neither breaking nor expounding [2014]

Submitted as the practical portion of my master's thesis, neither breaking nor expounding is a multi-sensory installation incorporating visual, auditory, and tactile stimulation techniques intended to allow for non-conceptual modes of experience. The visual stimulation is presented to closed eyes through a custom-built headset with embedded RGB LEDs and consists of both ganzfeld techniques (delivered via an array of uniformly colored peripheral light channels surrounding the eyes) and photic stimulation in the form of independently flickering red, green, and blue channels positioned directly in front of each eye. Tactile stimulation is delivered via small vibration motors attached by straps to the forearms and wrists and provide both continuous and pulsed vibrations. Auditory stimulation is presented through headphones and consists of electronic drones which are decorrelated using both a convolution/allpass filter method and short delays. All aspects of this work are controlled using custom software built in Max, with an Arduino interfacing with the lights and motors.

The formal structure of this work begins as a multi-modal ganzfeld session, offering a uniform color field, continuous motor vibrations, and a steady, low-frequency drone. Over the course of the first half of this work, flicker is introduced into the color field, with pulses in the motors at a sub-harmonic frequency to the flicker. Simultaneously, a low-pass audio filter is swept upwards, revealing higher frequency content associated with the drone. This is done gradually to slowly pull the subject into the experience. As the piece progresses, subtle changes to high frequency decorrelation, to the color scheme of the color field, and to rate of pulse in the motors/flicker occur. Additionally, abrupt changes in decorrelation of the low frequency content, and rate, waveform, and/or duty cycle of photic and tactile stimulation occur. The shifts in audio decorrelation (through internalization and externalization of sound) and vibrations (through the reduction of tactile sensation due to sensory adaptation) are intended to aid in dissolving the perceived distinction between the subject's body and the environment. The mapping of parameters of the different modes of stimulation are intended to force a cross-modal binding, potentially allowing for a visceral, non-conceptual experience similar to synesthesia. The source material for each mode of stimulation is intentionally abstract and minimal to reduce the burden on the subject in bracketing out reference to source or association. The visual stimulation techniques employed have been demonstrated in both clinical and artistic settings to induce pseudo-hallucinations, an altered sense of time, and changes in proprioception. All of these techniques are combined in this work with the intention of a synergistic effect which may allow the subject to slip into altered perceptual states. For a more detailed description of this work, the written thesis, Multi-Modal Ganzfeld and Non-Discursive Aesthetic Experience, is available here.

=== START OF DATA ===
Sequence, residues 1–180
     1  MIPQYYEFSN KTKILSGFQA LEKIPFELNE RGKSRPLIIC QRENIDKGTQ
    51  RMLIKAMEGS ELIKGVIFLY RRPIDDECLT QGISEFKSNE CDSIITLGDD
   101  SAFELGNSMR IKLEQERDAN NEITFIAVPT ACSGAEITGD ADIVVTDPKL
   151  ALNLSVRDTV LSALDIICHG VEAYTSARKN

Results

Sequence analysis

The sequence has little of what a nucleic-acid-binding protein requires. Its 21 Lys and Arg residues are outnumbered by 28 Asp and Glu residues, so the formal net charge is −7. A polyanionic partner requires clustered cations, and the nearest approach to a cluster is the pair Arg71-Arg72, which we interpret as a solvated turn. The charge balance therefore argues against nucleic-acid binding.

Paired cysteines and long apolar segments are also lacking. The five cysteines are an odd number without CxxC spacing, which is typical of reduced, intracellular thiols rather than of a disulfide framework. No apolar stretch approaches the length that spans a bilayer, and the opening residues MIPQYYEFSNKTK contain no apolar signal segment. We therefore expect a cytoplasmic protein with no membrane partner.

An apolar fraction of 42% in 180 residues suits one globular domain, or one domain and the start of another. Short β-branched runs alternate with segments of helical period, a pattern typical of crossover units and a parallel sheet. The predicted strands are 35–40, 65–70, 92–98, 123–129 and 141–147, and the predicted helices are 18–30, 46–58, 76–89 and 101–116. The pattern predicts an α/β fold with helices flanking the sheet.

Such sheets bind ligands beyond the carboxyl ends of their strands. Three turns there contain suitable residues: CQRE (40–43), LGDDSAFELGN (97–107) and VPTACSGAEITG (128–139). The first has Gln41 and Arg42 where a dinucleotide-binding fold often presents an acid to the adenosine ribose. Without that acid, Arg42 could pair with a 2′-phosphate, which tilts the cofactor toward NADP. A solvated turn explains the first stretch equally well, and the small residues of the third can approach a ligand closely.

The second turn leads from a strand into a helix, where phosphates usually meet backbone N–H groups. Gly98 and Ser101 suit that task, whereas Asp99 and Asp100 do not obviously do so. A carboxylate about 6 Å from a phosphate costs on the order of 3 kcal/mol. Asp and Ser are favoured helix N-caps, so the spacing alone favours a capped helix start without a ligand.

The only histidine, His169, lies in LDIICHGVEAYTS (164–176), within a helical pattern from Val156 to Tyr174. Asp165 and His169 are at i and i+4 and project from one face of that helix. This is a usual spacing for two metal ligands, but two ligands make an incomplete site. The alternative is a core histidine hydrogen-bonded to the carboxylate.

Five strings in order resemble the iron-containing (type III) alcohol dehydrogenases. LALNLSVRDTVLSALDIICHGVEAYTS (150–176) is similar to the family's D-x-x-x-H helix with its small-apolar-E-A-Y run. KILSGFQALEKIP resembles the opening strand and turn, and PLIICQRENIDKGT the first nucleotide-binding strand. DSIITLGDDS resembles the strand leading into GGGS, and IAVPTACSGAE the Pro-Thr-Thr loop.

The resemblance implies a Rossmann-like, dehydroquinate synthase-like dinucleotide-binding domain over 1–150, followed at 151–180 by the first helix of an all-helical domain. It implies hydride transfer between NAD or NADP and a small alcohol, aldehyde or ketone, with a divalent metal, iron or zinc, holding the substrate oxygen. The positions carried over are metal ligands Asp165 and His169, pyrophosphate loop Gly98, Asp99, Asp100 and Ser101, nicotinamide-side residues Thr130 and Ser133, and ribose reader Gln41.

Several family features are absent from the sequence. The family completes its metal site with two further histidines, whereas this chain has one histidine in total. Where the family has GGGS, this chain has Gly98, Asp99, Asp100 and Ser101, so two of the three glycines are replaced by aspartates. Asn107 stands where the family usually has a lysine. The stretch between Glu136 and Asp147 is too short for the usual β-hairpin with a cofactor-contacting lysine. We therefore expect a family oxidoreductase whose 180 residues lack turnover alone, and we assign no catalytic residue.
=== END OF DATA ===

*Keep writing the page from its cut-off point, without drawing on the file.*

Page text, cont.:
Notes: This 9-minute version is a proof-of-concept rather than a full piece. The video presented here serves merely as documentation of the work and does not reflect the subjective effects of experiencing it firsthand. This piece relies on binaural cues, so it is requested, if possible, that it be listened to with headphones.